|As A Tale That Is Told Writer||20030901|
Ted ChamBERLIN grew up in Southern Alberta, Canada, listening to the stories of his grandfather. In this land of big skies and endless prairie the warm Chinook winds can melt the winter snow in the blinking of an eye. In the 1880s it was also the land where the Blackfoot, the Blood and the Piegan lived; the place where the newly established North West Mounted Police were building their HQ, and where Ted's grandfather opened the first bank and experienced the first bank robbery.
|Poet In The Bush||20040812|
An intimate portrait of contemporary Australian poet Les Murray
|The Pomegranate Princesses||20030905|
Poet and film-maker Imtiaz Dharker was born in Punjab and grew up in GLASGOW. The garden of her childhood fantasies was the Muslim palace of the Alhambra in Granada - the last redoubt of the Nasrid dynasty and a rare site of racial tolerance in the mediaeval world. Imtiaz Dharker makes an enchanted journey to the Alhambra: to a fairy-tale place peopled by princesses in towers, and to lush and seductive gardens where doomed lovers met for moonlit assignations.
|The Red In My Mind||20040813|
ENGLISH poet Lavinia Greenlaw travels to Amherst in Massachusetts, the lifelong home of 19th-century American poet Emily Dickinson
|Tibet In Scotland||20020910|
Twelve years after a visit to Tibet itself, Scottish poet Kathleen Jamie visits a Tibetan centre near Lockerbie.
A series of eight essays in which writers discuss unfamiliar surroundings and experiences. In the first programme, Iain Sinclair leaves behind the familiarity of Hackney to explore themes of exile and asylum on the south coast of ENGLAND. He considers the sojourn in Margate of T S Eliot, who spent the Autumn of 1921 there recovering from a breakdown and composing `The Wasteland', and in Hastings he meets the photographer Effie Paleologou, whose work is inspired by feelings of alienation. Sinclair contrasts these voluntary artistic exiles with the despair of asylum seekers in the South.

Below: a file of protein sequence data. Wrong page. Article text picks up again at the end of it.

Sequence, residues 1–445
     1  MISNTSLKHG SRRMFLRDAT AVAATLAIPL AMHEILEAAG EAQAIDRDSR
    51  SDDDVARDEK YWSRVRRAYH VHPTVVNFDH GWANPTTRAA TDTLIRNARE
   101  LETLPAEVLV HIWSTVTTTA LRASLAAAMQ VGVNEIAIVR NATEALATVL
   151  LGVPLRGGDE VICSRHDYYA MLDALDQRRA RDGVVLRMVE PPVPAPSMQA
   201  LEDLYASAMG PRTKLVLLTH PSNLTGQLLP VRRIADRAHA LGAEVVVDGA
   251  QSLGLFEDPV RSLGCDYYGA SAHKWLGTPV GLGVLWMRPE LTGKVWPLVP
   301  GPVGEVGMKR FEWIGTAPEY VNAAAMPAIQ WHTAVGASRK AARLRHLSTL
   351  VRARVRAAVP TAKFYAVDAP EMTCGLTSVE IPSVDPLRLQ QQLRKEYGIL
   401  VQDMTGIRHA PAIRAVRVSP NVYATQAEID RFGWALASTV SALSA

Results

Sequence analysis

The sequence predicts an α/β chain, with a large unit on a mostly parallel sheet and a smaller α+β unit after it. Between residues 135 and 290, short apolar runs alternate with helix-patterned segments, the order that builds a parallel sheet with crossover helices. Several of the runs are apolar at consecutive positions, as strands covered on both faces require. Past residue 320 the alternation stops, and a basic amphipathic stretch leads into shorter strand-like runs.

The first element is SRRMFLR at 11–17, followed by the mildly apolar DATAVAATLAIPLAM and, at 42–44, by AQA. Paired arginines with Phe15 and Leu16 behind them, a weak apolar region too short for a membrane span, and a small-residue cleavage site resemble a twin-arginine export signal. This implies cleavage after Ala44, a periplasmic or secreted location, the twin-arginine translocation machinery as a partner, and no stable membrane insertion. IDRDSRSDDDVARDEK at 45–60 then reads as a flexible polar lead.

A series of eight essays in which writers discuss unfamiliar surroundings and experiences. A sound essay about finding home, by the writer Pat Cumper, who grew up in Jamaica and studied at Cambridge in the 1970s, and returned to ENGLAND in the early 1990s to find little remaining of the Britain she remembered.
A series of eight essays in which writers discuss unfamiliar surroundings and experiences. The NEW YORKer's Bill Finnegan talks about his annual visits to a small mid-Atlantic island, where he meets up with a group of like-minded, middle-aged professional men to surf the island's giant waves.
A series of eight essays in which writers discuss unfamiliar surroundings and experiences. The Scottish poet Kathleen Jamie talks about her visit to the Samye Ling Tibetan centre near Lockerbie in Scotland, twelve years after she visited Tibet itself.